COMMENT FROM INYATHELO EXECUTIVE DIRECTOR, NAZEEMA MOHAMED
20 February 2019
The World Day of Social Justice, 20 February, has been marked since 2009 by the United Nations. The 2019 theme is: If you want peace and development, work for social justice.
Inyathelo pledges its support to South African social justice organisations and commends them for their unwavering dedication to help build a fairer society. This is against a background of wealthier South African households being almost 10 times richer than poor households, according to the 2018 World Bank Report Overcoming Poverty and Inequality in South Africa.
Analysis of wealth inequality based on data from four rounds of wealth surveys carried out by UNISA between 2008 and 2015 suggests that the top percentile of households had 70.9 percent of the wealth and the bottom 60 percent had 7.0 percent.
In this dismal economic context, coupled with extraordinary social challenges, ongoing human rights abuse and extreme forms of violence, the role of social justice organisations in South Africa is vitally important. Inyathelo remains committed to working for social justice through adhering to its mission which is to build a strong, stable civil society and democracy in South Africa by contributing to the dvelopment of sustainable organisations and institutions.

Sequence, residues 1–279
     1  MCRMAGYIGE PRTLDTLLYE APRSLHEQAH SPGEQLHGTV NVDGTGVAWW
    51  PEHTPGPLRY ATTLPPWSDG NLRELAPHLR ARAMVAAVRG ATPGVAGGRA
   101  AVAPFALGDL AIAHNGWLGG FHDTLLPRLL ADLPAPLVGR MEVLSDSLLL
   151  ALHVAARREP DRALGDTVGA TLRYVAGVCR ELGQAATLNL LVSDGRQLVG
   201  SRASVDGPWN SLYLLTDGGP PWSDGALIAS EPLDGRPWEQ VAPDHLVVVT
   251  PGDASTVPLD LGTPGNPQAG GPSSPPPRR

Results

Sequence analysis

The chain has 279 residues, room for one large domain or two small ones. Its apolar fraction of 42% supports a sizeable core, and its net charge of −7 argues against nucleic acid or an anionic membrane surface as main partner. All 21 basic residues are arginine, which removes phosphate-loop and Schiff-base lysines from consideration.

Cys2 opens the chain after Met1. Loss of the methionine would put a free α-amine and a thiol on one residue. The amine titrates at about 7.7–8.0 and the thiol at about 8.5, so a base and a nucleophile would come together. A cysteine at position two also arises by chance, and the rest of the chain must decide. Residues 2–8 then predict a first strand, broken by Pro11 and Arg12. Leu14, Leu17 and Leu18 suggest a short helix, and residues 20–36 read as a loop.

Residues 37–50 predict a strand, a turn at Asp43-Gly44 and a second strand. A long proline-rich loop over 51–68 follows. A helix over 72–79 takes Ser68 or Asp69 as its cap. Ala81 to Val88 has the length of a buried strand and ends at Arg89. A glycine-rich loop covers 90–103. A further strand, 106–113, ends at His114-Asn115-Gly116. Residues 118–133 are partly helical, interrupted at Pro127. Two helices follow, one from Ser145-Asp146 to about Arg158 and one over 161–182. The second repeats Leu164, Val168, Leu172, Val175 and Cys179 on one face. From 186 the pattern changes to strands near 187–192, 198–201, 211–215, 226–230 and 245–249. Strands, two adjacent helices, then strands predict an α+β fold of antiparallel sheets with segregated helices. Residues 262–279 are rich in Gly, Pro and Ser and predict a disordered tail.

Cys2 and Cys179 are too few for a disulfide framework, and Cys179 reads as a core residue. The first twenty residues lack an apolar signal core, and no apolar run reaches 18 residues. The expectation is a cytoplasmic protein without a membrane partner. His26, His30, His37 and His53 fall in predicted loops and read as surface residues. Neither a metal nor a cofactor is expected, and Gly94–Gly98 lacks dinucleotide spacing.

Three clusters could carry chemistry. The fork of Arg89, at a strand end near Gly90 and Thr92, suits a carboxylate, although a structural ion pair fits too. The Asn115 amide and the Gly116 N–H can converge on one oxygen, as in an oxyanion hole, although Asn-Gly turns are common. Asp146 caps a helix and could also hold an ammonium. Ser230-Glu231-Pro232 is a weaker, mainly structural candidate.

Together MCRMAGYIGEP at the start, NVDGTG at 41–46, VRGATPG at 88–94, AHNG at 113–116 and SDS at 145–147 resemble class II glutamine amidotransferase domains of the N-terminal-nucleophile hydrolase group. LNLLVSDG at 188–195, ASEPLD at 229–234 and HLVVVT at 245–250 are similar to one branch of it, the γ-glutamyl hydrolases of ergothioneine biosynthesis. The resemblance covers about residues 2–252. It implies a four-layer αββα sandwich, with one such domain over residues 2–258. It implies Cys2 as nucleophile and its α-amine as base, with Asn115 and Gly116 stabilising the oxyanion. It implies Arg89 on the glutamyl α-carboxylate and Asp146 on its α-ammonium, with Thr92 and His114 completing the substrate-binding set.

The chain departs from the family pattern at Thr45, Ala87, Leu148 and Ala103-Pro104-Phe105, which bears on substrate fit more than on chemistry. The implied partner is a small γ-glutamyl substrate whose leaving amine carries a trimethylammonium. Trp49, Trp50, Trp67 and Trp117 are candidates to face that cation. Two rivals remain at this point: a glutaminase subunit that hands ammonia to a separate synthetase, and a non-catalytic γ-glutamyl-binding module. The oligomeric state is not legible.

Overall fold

Inyathelo reminds all not-for-profit organisations that it offers a wealth of resources and support facilities. Its Civil Society Sustainability Centre in Woodstock, Cape Town (funded by The Atlantic Philanthropies) offers workshops, training and advisory clinic sessions, and has a collection of over 2000 books, publications, DVDs, manuals, toolkits, magazines and directories. It also offers attractive, affordable work spaces.
To find out more about Inyathelo: http://www.inyathelo.org.za | 021 465 6981 | Second floor, The Armoury, Buchanan Square, 160 Sir Lowry Road, Woodstock, Cape Town.
Note to editors:
The United Nations notes: “Social justice is an underlying principle for peaceful and prosperous coexistence within and among nations.” It defines social justice as the removal of barriers that people face because of gender, age, race, ethnicity, religion, culture or disability. (http://www.un.org/en/events/socialjusticeday)
Ivor Chipkin and Sarah Meny-Gibert, in a report to the Raith Foundation and Atlantic Philanthropy on social justice organisations in South Africa, indicate that although there is a wide array of social justice organisations which vary in terms of the sectors they work, there is a degree of coherence in how they define and practice social justice work. Chipkins and Meny-Gilbert state that the vast majority of social justice organisations in South Africa are concerned with fairness in the way economic, political and social benefits and burdens are distributed. http://www.raith.org.za/docs/Report-Social-justice-Sector-7Feb2013-FINAL...